"Yeah, the layngay strategy is both boring and gets point deductions in BJJ competition. If he was talking about competing, which I doubt he was with being new to BJJ, then I apologize. I'm not a BJJ competitor."

Well I thougth that even though he is not talking about competition now, eventually he will compete in BJJ as I think most people that are serious want to. And even in his training at the club, BJJ rules apply and if someone is just lying and holding, it doesn't give any of them that very much, so either the two people sparring or the instructor should decide to switch positions. But then again who am I to say from which positions you learn alot, if you are lying down extremely controlled by your opponent you at least learn that you can be controlled if you get here, and it might be an incentive to be wary of the position and rolling up to all fours before your opponent has you in total control. Eg, roll up when you feel that he is passing your guard.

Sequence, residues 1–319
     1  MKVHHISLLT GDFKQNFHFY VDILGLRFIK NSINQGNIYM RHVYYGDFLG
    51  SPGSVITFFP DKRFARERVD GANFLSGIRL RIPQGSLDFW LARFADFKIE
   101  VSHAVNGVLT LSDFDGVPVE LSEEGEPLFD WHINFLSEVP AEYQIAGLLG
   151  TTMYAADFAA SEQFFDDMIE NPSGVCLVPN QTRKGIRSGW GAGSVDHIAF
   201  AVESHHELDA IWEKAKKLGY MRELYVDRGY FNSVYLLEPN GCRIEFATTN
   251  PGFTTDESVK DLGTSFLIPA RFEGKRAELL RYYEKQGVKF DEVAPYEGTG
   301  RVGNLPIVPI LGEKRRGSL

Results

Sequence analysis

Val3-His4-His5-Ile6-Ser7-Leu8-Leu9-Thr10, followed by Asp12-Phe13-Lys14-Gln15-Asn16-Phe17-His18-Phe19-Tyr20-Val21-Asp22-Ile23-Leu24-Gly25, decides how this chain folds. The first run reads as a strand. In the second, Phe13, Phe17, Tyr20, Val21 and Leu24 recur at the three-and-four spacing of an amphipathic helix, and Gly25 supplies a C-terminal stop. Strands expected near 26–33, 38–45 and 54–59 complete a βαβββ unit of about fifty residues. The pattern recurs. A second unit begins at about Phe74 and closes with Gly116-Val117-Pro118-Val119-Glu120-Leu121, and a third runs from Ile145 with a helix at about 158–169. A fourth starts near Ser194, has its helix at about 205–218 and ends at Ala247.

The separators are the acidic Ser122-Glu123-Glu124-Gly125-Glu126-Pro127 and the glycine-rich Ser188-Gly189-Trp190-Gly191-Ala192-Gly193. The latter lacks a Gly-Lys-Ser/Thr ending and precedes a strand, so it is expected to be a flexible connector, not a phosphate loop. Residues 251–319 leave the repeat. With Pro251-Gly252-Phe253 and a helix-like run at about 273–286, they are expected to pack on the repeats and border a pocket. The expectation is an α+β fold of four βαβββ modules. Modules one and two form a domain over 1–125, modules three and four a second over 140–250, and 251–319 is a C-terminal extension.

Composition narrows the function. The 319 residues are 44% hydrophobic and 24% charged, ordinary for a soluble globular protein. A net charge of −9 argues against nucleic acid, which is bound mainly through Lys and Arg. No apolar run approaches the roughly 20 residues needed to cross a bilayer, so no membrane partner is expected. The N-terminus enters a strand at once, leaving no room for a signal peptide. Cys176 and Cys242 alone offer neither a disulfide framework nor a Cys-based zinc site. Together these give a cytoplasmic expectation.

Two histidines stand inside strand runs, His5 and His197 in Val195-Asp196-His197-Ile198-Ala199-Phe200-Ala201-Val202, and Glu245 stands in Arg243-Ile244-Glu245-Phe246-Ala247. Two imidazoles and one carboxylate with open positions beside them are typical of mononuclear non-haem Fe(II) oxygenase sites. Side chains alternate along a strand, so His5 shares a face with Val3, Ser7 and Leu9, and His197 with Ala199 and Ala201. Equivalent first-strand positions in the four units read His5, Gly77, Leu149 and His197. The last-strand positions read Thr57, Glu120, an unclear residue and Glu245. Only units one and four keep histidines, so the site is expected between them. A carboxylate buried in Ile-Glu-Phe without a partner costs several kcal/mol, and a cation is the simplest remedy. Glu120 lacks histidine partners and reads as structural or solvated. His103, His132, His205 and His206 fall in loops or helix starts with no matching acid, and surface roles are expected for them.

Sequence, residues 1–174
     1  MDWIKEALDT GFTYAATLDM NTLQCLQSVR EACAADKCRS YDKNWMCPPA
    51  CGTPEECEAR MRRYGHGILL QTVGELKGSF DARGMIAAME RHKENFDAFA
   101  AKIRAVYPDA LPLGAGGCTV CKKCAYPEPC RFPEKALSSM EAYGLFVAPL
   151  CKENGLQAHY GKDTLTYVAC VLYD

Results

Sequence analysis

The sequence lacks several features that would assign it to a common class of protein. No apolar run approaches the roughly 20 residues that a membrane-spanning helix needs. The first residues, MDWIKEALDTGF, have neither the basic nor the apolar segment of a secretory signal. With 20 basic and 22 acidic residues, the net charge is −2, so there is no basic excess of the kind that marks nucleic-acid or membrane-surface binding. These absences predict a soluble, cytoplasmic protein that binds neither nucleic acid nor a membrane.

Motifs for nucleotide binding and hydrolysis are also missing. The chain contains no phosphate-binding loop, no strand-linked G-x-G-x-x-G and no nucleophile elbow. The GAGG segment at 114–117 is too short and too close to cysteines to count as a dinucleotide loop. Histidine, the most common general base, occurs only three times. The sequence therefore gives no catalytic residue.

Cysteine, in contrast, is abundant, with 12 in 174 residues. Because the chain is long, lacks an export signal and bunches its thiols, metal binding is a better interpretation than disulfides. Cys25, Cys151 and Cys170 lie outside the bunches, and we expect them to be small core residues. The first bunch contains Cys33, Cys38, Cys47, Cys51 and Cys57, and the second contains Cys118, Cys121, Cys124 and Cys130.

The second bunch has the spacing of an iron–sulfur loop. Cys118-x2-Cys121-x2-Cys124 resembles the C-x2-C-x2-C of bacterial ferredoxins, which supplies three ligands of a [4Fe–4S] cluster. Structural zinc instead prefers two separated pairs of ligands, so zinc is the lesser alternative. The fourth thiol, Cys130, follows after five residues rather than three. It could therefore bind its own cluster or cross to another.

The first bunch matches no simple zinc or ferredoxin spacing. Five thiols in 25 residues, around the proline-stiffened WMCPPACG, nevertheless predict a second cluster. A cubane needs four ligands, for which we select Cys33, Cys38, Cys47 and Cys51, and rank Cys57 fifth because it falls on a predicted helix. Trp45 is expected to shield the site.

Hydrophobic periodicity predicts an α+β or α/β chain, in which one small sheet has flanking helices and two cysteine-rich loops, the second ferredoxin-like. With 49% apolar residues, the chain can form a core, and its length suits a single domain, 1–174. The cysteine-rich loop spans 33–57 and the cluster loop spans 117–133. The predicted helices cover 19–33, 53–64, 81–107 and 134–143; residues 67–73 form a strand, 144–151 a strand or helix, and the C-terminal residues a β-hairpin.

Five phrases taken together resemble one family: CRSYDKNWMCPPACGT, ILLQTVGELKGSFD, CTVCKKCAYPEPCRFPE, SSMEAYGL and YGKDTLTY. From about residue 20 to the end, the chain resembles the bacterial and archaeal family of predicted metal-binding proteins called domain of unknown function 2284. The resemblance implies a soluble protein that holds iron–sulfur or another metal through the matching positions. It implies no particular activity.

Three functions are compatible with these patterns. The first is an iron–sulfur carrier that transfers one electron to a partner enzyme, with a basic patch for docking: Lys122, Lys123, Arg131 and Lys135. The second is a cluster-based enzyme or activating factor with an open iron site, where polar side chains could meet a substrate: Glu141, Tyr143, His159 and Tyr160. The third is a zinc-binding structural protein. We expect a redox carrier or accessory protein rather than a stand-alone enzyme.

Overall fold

you guys are making me read WAY too much...